Understanding low value assets

The IASB has developed IFRS 16 as a new leases Standard which supersedes IAS 17. A company is required to apply the new leases from 01 January 2019.

An exemption to the requirements of IFRS 16 relates to leases of ‘lowvalue’ assets held by the entity.

IFRS 16 does not require a company to capitalise leases of lowvalue assets—for example, leases of assets that, at the time of issuing IFRS 16, would have a capital value (i.e new sales price) of approximately US$5,000 (converted to approx. R70,000) or less.

Note: A company using this exemption is required to recognise the payments for those leases as an expense typically on a straight-line basis over the lease term. This results in no change to the accounting for those leases treated as off balance sheet leases applying IAS 17.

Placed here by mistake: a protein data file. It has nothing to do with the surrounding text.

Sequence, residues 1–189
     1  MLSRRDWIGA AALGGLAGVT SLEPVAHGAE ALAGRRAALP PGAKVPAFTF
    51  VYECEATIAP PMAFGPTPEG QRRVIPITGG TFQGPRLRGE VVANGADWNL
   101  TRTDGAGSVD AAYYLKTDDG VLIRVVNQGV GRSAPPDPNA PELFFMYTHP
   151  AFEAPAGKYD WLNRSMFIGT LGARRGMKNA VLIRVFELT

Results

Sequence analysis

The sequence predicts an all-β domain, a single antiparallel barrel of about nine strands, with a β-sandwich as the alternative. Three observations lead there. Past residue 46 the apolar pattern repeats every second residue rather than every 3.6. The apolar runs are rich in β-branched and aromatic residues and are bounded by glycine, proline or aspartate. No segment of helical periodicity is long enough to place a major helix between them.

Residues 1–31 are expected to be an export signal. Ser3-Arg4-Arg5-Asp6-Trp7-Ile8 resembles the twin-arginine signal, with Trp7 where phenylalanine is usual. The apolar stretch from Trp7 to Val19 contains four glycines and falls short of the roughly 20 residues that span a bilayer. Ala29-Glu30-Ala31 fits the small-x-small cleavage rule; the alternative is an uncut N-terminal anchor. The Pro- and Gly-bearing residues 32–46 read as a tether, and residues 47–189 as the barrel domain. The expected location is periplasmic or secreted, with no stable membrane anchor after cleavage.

The correct determination of what constitutes a low-value asset within an entity is an activity which requires significant time and attention and which can have a significant impact on the transition from IAS 17 to IFRS 16.

1. Identification of low-value assets

It is important to note that the standard itself does not provide detailed guidance to assist in assessing what ‘low-value’ means. ‘Low-value’ is also not a defined term within the Standard itself.

The Basis for Conclusions of IFRS 16 provides the following insight and guidance regarding the type of leases to which the exemption is intended to apply:

“The IASB intended the exemption to apply to leases for which the underlying asset, when new, is of low-value (such as leases of table and personal computers, small items of office furniture and telephones). At the time of reaching decisions about the exemption in 2015, the IASB had in mind leases of underlying